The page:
The measure would require a vendor’s license to distribute food, blankets or other goods on city sidewalks or parks — even if those items are being given away. It would also make it illegal to give anything away between 11 p.m. and 6 a.m.

We want politicians to focus on the issues, right? 

But it's pretty tricky to agree on what the issues are and a lot depends on who's doing the defining. 

St. Louis Public Radio wants to help you —  first time voters and keen political observers alike — understand the basics for our live debate with the Missouri Republican candidates for governor. And these are likely the same issues that will come up when the GOP candidate faces off against Chris Koster in November. 

Here's some background on the issues we expect our politics team, Jo Mannies and Jason Rosenbaum, to ask the candidates about at tonight's debate. 

cigarette
seannaber | Flickr

A Missouri appeals court will hear arguments Thursday in a case that could result in a proposed cigarette tax increases being kicked off the November ballot.

arty representation of jackson on currency
_J_D_R_ | Flickr

The state of Missouri’s income collections for June are down more than 22 percent, compared to a year ago. 

That sharp decline is among the reasons Gov. Jay Nixon’s administration will not be implementing the first phase of a state income tax cut that had been scheduled to go into effect when the new fiscal year began last Friday.

In fact, Nixon is planning a news conference Wednesday to announce possible cuts or withholdings he may make in the new budget, which kicked in on July 1.

Zack and Brie Smithey's railroad-shipping container home on Elm Street in St. Charles will be painted taupe and include glass windows across the front.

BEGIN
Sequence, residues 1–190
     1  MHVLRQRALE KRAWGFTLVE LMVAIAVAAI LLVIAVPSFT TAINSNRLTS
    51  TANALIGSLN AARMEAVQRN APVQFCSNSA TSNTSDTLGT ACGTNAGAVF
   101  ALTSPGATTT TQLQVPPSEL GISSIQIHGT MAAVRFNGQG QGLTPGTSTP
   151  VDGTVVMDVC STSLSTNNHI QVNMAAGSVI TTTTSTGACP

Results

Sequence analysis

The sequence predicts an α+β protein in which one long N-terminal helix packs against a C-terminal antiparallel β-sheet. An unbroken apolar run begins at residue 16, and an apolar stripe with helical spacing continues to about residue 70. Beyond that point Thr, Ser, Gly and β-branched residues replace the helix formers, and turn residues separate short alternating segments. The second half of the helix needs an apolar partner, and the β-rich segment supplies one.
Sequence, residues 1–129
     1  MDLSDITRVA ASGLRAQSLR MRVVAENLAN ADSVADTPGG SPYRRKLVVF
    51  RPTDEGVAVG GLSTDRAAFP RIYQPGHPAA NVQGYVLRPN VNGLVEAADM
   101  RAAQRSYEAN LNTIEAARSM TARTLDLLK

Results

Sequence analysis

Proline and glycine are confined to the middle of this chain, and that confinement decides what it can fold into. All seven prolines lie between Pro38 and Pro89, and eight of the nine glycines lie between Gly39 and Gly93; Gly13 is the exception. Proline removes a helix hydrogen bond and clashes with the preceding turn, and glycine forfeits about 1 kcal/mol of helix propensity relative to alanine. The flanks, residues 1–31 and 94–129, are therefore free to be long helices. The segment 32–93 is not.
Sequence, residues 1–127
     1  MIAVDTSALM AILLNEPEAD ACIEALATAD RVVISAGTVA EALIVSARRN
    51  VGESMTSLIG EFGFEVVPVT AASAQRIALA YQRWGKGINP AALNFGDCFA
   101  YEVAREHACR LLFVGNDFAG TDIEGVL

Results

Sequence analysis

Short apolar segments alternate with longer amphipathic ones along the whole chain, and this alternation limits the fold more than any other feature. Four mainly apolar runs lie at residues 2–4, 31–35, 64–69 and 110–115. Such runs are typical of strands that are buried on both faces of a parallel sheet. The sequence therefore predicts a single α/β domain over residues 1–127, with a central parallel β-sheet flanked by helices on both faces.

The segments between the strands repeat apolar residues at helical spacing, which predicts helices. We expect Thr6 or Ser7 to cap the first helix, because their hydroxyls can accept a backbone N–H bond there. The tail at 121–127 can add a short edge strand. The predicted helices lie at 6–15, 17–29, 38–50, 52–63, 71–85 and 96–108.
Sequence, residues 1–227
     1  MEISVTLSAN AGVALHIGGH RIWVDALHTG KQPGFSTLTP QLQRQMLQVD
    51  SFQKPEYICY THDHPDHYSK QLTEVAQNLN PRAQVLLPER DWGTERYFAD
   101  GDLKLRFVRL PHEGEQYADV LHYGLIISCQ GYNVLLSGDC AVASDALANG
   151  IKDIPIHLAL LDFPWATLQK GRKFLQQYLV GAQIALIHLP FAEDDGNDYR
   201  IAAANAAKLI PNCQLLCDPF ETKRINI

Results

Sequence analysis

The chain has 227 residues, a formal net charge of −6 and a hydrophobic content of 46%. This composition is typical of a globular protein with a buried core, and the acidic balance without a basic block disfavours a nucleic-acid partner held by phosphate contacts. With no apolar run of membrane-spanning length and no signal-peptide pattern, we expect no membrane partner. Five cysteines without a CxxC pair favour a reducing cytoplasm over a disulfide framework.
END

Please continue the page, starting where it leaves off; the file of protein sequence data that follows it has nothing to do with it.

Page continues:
Nancy Fowler | St. Louis Public Radio

The St. Charles City Council defeated a proposal Tuesday night that would have banned residents from building shipping-container houses in areas with only brick and siding homes.

But that's not the end of the controversy.

At the center of the flap is a home under construction on Elm Street. St. Charles residents Zack and Brie Smithey are building their 3,000-square-foot house out of eight railroad shipping containers.

Steve Eagleton
Jason Rosenbaum | St. Louis Public Radio

On the latest edition of the Politically Speaking podcast, St. Louis Public Radio’s Jason Rosenbaum and Jo Mannies continue their interviews with candidates for the 15th District Senate seat. This time around, they’re interviewing Democrat Steve Eagleton.

The 15th District takes in parts of south and central St. Louis County. Since Sen. Eric Schmitt is term-limited, the race for the seat this year is wide open.

A voter enters Our Lady of Guadalupe School on election day in Ferguson.
Bill Greenblatt | UPI | File photo

Updated with new comments - The deadline to register to vote for Missouri’s Aug. 2 primary election is Wednesday, July 6.

You can register in person at your city or county board of election office, a local library or the Department of Motor Vehicles. To register online, submit your application through the Missouri Secretary of State’s website GoVoteMissouri.com by 5 p.m.

Mark Boyko
Jason Rosenbaum | St. Louis Public Radio

On the latest edition of the Politically Speaking podcast, St. Louis Public Radio's Jason Rosenbaum and Jo Mannies are pleased to welcome Democrat Mark Boyko to the show for the first time.

Eric Greitens, John Brunner, Catherine Hanaway and Peter Kinder are campaigning to become Missouri's GOP gubernatorial candidate.
Kelly Moffitt | St. Louis Public Radio

On July 6, St. Louis Public Radio will host a live debate with the Missouri candidates running to become the GOP candidate-of-choice in the August 2 primary for governor.

An infrared photograph shows a water main leak in Webster Groves. Water utility companies photograph roads at night to determine which pipes may be in need of repair.
Missouri American Water | Provided

The Missouri Supreme Court has agreed to decide whether Missouri American Water can keep charging its St. Louis County customers an infrastructure fee, despite a drop in the county's population.

Since 2002, the utility's 340,000 customers in the county have paid an additional $3-a-month infrastructure replacement surcharge, which allows Missouri American to replace old water mains before they break. But in March, a state appeals court ruled that the utility could no longer collect that surcharge because St. Louis County's population had dropped below the required 1 million people.